Washington Church Responds to Oso Landslide

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When a landslide devastated the town of Oso, Wash., on March 22, the congregation of Sumas (Wash.) Christian Reformed Church responded with compassion in the form of household essentials, gas cards, and offerings toward funeral costs.

Although Sumas is located 80 miles from where the landslide occurred, church members cared for those affected by the disaster. Rev. Mark VanDyke said, “For quite some time I have been praying that God would give our church an opportunity to serve those in need, and the passion, energy, and follow-through to provide such aid. God answered that prayer by inspiring some hard-working people who took care of the planning and logistical aspects of our donation to Oso.”

Dale and Audrey Snapper, members of Sumas CRC and Red Cross volunteers, helped place victims in shelters. “This has been a tough, emotional, but very rewarding assignment. We thank God that we could be a part of it, at the same time thanking the locals for allowing us to help,” said Dale.

Snapper told the congregation that the landslide victims had plenty of food. The greater need was paper towels, dish soap, and toiletries. This motivated church member Leea Heeringa to conduct a clothing and toiletry drive. People from the church immediately responded and within a few days had filled a 14-foot U-Haul with clothing and toiletries.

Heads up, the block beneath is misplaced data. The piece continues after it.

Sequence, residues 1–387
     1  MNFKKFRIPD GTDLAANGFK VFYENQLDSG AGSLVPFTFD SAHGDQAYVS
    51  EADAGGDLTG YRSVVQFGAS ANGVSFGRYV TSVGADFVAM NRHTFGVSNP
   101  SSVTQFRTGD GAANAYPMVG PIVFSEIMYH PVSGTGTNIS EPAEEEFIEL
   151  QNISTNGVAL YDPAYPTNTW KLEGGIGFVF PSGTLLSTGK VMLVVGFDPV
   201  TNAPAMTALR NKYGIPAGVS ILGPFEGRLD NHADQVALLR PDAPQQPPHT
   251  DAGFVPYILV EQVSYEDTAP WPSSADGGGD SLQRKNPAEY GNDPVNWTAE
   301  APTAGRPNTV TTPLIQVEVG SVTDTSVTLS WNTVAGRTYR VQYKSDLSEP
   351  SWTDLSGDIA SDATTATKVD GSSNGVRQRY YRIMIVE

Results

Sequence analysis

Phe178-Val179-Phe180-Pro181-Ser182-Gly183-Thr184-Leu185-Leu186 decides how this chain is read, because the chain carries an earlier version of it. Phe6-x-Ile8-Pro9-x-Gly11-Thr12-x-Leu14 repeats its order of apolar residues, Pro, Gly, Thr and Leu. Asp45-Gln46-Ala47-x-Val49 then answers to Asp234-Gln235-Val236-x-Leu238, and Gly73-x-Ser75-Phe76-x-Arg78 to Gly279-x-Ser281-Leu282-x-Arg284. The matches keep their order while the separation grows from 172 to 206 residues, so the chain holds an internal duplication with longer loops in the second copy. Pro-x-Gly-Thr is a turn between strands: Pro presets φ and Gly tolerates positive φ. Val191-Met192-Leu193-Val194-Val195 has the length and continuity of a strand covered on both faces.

The landslide caused numerous road closures, forcing people from Oso and nearby towns to drive extra miles to get into town. A young Sumas member, Melissa, responded to the problem of extra gas costs by asking for donations from customers at the gas station in Sumas where she works, raising $570 in one weekend. This money was converted into gas gift cards for victims burdened by extra driving.

On Good Friday, the congregation of Sumas CRC will take an offering to support the Oso Community Chapel Funeral Fund. This will assist victims who lost loved ones in the landslide with impending funeral and burial costs.

“It has been great to see God using his people as instruments of peace,” said VanDyke. “Many in our church have gotten excited about serving the Lord by giving to the people of Oso.”

About the Author

Amy Toornstra is a freelance news correspondent for The Banner. She lives in Salem, Oregon.

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